Giving Compass' Take:

• The Jewish community in New Orleans shares lessons from their successful response to Hurricane Katrina 15 years ago, with the hope that these learnings can help inform today's response to the COVID-19 crisis. 

• How can philanthropists take these lessons into account? What is the most pressing need for communities tackling COVID-19 challenges?

• Read about lessons funders have learned so far in responding to the pandemic. 

In the face of current challenges, American Jews can look back at an unusually successful response to Katrina fifteen years ago.  As the hugely inequitable impact of the storm upon New Orleans’ Black and other marginalized populations was emerging, most, though not all, of the city’s Jews were able to get safely out of the city. Still, these Katrina refugees faced intense challenges of displacement, lack of access to resources, and endless unknowns as homes and businesses were being destroyed. This is where, at a time of general disfunction, the history, organization, and the network of Jewish community made a difference to thousands of Gulf South Jews and many of their neighbors. These same resources may likewise provide strength in responding to the crises of 2020.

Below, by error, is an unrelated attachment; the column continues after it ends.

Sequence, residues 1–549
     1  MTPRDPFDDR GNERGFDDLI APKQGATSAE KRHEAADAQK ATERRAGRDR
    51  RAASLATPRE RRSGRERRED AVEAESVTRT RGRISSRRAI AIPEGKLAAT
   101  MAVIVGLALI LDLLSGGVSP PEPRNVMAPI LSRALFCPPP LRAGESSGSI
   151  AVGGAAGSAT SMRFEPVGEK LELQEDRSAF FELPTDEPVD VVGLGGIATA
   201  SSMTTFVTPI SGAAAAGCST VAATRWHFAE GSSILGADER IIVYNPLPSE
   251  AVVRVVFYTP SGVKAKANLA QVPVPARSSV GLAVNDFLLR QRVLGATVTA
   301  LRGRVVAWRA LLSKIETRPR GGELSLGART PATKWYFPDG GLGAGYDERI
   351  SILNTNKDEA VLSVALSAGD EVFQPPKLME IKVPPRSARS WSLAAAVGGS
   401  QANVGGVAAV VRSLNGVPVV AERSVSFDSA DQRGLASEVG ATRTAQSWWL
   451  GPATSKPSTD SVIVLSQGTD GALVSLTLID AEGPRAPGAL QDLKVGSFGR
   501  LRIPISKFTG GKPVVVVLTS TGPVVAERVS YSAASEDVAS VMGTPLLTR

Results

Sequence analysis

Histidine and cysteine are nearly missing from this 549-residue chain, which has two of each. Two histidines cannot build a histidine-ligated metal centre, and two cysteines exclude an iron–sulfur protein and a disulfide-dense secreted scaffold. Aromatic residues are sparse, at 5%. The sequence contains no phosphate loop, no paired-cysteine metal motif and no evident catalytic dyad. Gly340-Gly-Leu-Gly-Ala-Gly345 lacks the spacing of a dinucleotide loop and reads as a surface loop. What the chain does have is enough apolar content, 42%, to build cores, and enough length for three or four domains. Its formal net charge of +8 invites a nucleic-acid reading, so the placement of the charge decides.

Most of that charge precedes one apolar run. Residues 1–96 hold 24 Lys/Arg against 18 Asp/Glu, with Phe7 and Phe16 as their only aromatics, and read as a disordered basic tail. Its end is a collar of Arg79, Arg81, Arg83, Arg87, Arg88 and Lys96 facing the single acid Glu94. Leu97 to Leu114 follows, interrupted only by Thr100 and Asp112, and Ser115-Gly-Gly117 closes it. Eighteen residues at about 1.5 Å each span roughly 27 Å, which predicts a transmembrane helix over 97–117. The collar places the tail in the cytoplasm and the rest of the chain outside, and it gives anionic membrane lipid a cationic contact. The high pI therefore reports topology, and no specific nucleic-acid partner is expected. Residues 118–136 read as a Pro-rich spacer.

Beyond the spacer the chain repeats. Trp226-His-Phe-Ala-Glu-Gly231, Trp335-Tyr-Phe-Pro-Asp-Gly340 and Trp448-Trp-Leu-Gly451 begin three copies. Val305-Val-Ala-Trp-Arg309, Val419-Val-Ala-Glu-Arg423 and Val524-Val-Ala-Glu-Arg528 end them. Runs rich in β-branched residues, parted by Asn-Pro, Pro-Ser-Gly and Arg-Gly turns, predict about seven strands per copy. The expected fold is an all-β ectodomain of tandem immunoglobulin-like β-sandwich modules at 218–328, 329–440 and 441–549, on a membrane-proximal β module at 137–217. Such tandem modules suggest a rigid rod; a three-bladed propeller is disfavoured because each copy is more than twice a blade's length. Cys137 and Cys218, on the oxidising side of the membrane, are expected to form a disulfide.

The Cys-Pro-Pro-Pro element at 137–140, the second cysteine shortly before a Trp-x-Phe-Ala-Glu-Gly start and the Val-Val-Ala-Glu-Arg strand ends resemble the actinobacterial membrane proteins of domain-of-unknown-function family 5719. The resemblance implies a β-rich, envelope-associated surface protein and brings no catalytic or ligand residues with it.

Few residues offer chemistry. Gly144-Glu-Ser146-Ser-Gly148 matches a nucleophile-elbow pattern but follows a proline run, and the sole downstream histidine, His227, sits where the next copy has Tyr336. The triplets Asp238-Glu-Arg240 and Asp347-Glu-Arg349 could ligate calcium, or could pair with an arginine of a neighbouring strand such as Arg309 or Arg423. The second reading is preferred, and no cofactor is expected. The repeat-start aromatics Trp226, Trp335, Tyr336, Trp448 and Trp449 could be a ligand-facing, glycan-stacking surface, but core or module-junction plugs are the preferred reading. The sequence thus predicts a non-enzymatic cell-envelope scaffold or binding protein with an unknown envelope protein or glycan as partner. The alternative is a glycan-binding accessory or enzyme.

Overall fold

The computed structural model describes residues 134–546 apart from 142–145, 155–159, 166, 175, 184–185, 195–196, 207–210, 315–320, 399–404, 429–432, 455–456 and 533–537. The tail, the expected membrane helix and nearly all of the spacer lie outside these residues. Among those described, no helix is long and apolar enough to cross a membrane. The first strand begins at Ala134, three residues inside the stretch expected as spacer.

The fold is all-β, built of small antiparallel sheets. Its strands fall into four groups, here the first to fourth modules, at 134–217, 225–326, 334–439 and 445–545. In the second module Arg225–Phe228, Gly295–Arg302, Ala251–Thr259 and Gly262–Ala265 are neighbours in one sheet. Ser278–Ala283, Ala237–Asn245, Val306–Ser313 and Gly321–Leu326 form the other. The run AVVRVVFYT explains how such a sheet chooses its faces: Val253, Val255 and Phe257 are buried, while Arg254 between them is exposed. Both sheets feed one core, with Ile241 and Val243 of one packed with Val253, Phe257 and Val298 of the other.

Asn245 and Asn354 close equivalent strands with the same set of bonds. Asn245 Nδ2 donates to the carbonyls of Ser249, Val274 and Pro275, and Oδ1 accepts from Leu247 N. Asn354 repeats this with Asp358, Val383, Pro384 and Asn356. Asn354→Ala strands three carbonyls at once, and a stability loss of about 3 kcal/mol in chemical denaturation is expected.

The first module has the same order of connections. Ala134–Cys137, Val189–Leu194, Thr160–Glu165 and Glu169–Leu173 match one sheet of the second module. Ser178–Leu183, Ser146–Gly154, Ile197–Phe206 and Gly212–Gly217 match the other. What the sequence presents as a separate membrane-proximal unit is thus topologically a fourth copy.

Even though the loss of life and scale of societal damage of COVID-19 dwarfs the profound regional destruction of Katrina, there may yet be important lessons embedded in the Jewish community’s clear-minded response to the overwhelming challenges of that moment:

  • History matters. While carefully distinguishing their own experiences from the ordeals of Jewish history, many Jewish Katrina refugees found meaning in narratives of displacement, diaspora, suffering, and survival.
  • Mainstream institutions do make a difference. When Katrina hit, Jewish communal agencies raised tens of millions of dollars through grass-roots fundraising, connected individuals to resources, and reminded Katrina evacuees that they were not alone.
  • “We are in this together.” Before the storm, many New Orleans Jews considered the city’s Orthodox an afterthought. After the storm’s destruction of the city’s main Orthodox synagogue, a transformed understanding of communal interdependence took hold.
  • Put your own mask on first. This airline precaution speaks directly to the COVID-19 crisis, highlighting that sometimes the best way to be in a position to help others is to take care of yourself.

Read the full article about lessons from Hurricane Katrina by  Karla Goldman at eJewish Philanthropy.